A British art dealer has discovered a hitherto unknown work by the great French impressionist Claude Monet, taped behind another one which he bought in Paris.
A pastel named "Le Havre, la jetee" was found when Jonathan Green deframed another picture he had acquired at an auction in Paris for conservation and cleaning.
The picture, which was bought from the estate of Monet's own art dealer Paul Durand-Ruel, was unknown to art historians. Whether the family themselves knew about it is unclear - though the two other pieces had been given as a wedding present to Durand-Ruel's granddaughter.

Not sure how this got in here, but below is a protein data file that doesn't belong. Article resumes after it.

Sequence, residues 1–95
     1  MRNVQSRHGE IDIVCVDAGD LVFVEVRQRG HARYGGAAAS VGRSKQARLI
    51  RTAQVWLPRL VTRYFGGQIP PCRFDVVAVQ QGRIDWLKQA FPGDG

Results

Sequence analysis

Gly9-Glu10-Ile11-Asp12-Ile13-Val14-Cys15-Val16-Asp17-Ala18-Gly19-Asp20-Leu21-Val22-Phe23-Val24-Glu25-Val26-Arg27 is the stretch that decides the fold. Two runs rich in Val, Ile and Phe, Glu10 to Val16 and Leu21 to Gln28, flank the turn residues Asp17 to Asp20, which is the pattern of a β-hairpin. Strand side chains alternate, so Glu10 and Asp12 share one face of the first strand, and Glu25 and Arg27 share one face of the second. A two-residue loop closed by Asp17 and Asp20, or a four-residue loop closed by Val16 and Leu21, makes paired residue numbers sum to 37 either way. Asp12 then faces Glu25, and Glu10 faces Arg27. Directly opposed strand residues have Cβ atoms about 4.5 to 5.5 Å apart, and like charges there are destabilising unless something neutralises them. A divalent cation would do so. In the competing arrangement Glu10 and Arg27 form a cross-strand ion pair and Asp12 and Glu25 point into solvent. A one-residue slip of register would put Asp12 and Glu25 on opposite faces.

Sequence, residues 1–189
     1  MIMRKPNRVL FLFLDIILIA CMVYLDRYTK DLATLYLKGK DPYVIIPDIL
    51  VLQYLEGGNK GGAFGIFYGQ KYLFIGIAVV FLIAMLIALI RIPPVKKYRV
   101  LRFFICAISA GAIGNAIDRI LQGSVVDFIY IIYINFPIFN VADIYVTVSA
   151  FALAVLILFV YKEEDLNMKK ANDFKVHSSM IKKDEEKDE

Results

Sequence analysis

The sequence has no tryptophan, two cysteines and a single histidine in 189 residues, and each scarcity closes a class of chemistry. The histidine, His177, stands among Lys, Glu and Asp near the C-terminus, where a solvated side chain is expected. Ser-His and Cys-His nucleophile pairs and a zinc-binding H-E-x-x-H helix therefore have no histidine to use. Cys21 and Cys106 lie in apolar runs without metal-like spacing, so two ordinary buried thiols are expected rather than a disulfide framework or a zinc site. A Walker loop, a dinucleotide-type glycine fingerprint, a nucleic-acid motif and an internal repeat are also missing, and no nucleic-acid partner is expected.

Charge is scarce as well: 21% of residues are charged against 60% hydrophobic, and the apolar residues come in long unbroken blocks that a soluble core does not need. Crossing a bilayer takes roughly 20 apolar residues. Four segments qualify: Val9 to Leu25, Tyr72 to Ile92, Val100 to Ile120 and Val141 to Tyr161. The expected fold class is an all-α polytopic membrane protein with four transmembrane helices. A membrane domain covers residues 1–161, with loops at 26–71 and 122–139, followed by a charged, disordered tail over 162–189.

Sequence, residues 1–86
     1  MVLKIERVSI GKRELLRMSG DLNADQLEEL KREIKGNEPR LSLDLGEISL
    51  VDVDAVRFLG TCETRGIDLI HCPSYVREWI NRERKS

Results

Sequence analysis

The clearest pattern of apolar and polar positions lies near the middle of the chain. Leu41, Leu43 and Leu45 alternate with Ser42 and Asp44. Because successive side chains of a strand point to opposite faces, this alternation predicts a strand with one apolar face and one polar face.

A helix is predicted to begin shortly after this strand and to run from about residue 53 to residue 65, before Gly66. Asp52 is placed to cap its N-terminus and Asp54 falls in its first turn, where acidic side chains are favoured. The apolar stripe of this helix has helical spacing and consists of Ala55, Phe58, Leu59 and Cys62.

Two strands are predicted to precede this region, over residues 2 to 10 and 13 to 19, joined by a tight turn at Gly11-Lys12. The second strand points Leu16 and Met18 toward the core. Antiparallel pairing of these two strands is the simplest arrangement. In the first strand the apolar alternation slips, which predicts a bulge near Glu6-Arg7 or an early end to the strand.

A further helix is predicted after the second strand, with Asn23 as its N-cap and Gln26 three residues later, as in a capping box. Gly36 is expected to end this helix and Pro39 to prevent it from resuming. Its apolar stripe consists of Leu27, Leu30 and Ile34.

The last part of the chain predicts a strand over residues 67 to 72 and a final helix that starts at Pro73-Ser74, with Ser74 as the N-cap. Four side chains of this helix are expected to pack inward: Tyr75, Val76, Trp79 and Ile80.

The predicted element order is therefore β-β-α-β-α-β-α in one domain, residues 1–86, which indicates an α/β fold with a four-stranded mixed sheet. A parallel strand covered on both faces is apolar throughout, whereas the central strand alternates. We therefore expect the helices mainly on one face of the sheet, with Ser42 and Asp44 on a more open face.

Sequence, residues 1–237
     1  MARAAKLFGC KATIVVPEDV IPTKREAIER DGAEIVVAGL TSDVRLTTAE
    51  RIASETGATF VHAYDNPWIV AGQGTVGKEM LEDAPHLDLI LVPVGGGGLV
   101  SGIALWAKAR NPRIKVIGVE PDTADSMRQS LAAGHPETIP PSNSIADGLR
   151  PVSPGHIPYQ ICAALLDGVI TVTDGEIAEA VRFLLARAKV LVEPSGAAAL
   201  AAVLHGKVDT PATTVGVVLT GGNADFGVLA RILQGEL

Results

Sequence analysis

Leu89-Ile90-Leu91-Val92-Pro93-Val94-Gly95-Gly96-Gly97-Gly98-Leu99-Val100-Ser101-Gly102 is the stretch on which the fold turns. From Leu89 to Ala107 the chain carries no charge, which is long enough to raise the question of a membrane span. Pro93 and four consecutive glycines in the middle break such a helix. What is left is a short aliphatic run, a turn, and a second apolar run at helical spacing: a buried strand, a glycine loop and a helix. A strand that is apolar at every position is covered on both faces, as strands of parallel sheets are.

"What's interesting about this picture is that we see Monet painting in the 1860s," Mr Green told ITV News. "He wasn't the great impressionist we know today; he was learning and experimenting."
Pastels like this are quite rare - the highly prolific Monet did fewer than a hundred of them, out of thousands of works in total. However, it's not going to change the course of art history.
"Is it going to be a museum-changing event? No," said Mr Green, who praised Monet's use of light in these early works. "But it is very interesting."
The three pieces will be on sale in London at Masterpiece 2015, for a total of £1.4m.